The culture of cricket in Australia

When a visitor participates in his first cricket, it is called a rundown. They have to hit the ball as far as possible and complete before the ball is stopped by the player. Once the ball has been hit, the athletes run back and forth between the three pillars, while the spurts run fast and stumble to find the ball and throw it back to the keeper of the three pillars. Then the keeper is supposed to hit the pillars and find a way to acknowledge that the pitcher is out.

In Australia, the field is the sacred pitch. The audience sat in the positions on the world’s first-class stands and never risked running into the field during the match. The stadiums are often large and mentioned around the table like old friends, such as Gabba in Brisbane, Wacca in Perth, SCG in Sydney and MCG sports ground. In these epic arenas, a six-fold, or a ball hitting the ground and flying into the stands, is a truly brilliant shot. In a 4-position run, the ball runs around the court and goes to the edge in an attempt to block the ball.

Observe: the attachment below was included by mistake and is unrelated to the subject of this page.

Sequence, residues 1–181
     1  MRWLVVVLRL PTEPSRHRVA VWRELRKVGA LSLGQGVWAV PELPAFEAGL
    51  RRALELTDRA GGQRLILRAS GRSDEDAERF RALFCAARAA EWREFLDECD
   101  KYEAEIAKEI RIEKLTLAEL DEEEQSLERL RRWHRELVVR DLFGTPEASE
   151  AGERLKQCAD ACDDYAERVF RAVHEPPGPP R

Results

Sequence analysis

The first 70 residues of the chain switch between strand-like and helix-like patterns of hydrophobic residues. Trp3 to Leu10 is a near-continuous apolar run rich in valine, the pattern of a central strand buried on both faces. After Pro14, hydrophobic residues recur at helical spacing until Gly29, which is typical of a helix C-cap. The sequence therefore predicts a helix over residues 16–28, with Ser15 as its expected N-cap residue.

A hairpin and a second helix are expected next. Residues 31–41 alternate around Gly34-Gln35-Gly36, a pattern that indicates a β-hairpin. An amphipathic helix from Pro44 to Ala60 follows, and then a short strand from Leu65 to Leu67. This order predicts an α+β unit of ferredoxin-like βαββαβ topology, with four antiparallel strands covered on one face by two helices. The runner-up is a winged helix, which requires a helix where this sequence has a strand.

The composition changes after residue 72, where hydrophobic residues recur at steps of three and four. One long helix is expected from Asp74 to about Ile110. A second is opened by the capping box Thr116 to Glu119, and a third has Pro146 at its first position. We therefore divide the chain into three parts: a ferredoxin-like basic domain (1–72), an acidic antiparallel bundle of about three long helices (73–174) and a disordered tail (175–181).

In the summer, Australians often watch cricket matches reported live on television at home, in pubs and shops, and discuss matches in cafes and bars. Crowds gathered on the streets and into the cricket field. From the beach to the bus shelter, the people outside the game are always joking with the radio to share information about points 4 or 460 or to inform people around.

You’ll see the Australian team face off against the West Indies and Pakistan teams as they travel to Australia to take part in the cricket tournament in the hot and long summer. The next big tournament, The Ashes, will take place in 2010. If you’re going to Australia, watch the cricket matches. Without them, summer will be incomplete.